The ninth chapter of Daniel relates that the prophet was engaged in prayer. While he was speaking and praying the angel Gabriel came forth and announced that he was sent from God to give him skill and understanding. "Seventy weeks are determined upon thy people and upon thy holy city," the angel said (v. 24). In the following verse we read that this time should begin at the going forth of the commandment to restore and to build Jerusalem, etc. One day means one year in Daniel's chronology. Seventy weeks are thus 490 years. Miller thought that this commandment went forth in the seventh year of the Persian king Artaxerxes, when he sent Ezra up from his captivity, to restore the Jewish polity at Jerusalem (Ezra 7) in the year 457 B. C., and that there was no other prophetic time from which to cut off the 490 years than from the 2,300 days. He therefore dated these two periods from the year 457 B. C. He ended the 490 years (or seventy weeks) in A. D. 33 with the crucifixion of Christ and the 2,300 days ended A. D. 1843. He thought furthermore that the earth was the sanctuary to be cleansed by fire according to 2 Pet. 3:10,12.
No one doubts that Miller was a sincere and honest reasoner, a humble and devoted Christian man; but he was impervious to any argumentation that contradicted his set opinions.
A conference was held in Boston, Oct. 22-24, 1840. Miller was present. Dr. Ward was elected chairman. He called Miller aside and asked him not to fix a certain time for the second coming of Christ, according to Mark. 13:32, "But of that day and that hour knoweth no man, no, not the angels which are in heaven, neither the Son, but the Father." Other members of the conference said the same: How do you pretend to know the time when the Son and the angels do not know it? Nothing could change his opinion. He went home and preached as before. Religious fanatics always claim a great measure of God's Spirit. The Spirit will make up for the lack of knowledge. But they forget that the Spirit leads according to the word.
A person who can make such a mistake as this will commit any blunder. There is not a sound thought in his doctrine. The 2,300 days are not years. They did not begin 457 B. C, and did not end A. D. 1843. The earth is not the sanctuary. This I intend to prove to the satisfaction of any whose mind is open for conviction.
If Miller had used his reason for ten minutes he would have thought, The power which is represented by the little horn in Dan. 8:9 should cast down the place of the sanctuary at the beginning of the 2,300 days. If the earth is the sanctuary, does history record that this power cast down the earth 457 B. C.? No, history does not know any sanctuary which was cast down the year 457.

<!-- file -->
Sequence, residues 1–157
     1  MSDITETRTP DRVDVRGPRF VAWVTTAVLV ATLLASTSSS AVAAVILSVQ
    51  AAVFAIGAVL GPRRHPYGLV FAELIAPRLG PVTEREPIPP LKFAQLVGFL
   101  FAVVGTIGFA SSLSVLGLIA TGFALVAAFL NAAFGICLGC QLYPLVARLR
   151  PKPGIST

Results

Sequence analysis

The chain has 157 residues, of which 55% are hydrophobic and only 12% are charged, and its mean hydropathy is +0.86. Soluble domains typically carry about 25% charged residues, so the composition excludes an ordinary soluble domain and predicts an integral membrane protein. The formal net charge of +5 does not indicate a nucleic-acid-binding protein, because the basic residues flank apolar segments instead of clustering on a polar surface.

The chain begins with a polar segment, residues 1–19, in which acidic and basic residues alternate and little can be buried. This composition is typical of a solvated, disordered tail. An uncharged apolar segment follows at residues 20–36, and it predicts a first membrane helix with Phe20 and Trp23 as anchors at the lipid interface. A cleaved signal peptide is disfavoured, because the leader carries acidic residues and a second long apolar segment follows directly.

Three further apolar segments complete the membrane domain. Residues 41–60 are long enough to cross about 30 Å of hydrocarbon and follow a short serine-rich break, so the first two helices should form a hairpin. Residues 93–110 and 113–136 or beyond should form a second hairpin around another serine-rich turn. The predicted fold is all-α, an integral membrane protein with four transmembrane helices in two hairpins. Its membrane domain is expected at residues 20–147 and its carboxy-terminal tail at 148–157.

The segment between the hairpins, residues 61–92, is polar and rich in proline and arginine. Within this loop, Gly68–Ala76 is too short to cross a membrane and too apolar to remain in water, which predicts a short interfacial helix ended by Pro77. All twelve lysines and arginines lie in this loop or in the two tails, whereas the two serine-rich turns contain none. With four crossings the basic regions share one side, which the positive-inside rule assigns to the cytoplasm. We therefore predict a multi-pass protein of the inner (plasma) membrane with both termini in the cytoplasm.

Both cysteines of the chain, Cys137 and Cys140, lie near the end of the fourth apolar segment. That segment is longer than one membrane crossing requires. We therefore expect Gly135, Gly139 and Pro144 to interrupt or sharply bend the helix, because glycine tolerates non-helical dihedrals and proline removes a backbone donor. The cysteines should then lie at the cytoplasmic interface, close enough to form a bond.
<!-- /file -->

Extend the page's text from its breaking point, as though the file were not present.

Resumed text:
The power which was to destroy the sanctuary should appear, according to the angel, toward the end of Alexander's divided kingdom (Greece). It is proved that this time was between 176 — 30 B. C. This power could no more destroy the sanctuary in 457 B. C. (281 years before its beginning) than Miller could preach the second coming of Christ in the year 1498, or 281 years before he was born.
But nevertheless the History of the Advent Message is bold enough to declare on page 596 that this is God's truth as sure as the Bible. There is no possibility of a mistake this time. Those who reject this light are lost. Those who do not accept these arguments are reprobates.
When a person will contradict the plain statements of the Word of God, we think that he has no message from the Lord and that he is not led by God's Spirit, no matter how sincere are his intentions.
"It is not for you to know times or seasons, which the Father has set within his own authority." (Acts 1:7.)
"I know the time," says Miller; "1843 is the right time. I have calculated that Christ shall return then."
The predicted year went by, but Miller's calculation was wrong. Then he and his followers made the great discovery that the commandment was given late in the year 457 B. C., and accordingly the end of time could not occur before late in the fall of 1844.
Jesus says, "No man knoweth the day."
Miller said, "Now we know the day with certainty; it is Oct. 22, 1844. There is no mistake about it this time. He who does not believe this is lost."
There is no need of proving that this message also was false — the Lord has not come in these sixty-eight years since then.
When 1844 had gone by, Miller and most of the Adventists admitted they were mistaken; Miller himself being honest enough to make a public statement to that effect, saying that it was wrong and dishonest to deny the facts. (History of the Second Advent Message, page 383)
As we have seen, Miller did the right thing to admit his error, when his calculations had failed. But the Adventists took up his false way of reasoning and have gone further than he did. They still insist that the 2,300 days are just so many years, beginning 457 B. C. and ending A. D. 1844. If these dates are false, then their whole doctrinal system is crumbling to the ground with all they have built thereon.
We are going to prove with unalterable facts that these two dates are resting upon, a loose and shaky foundation.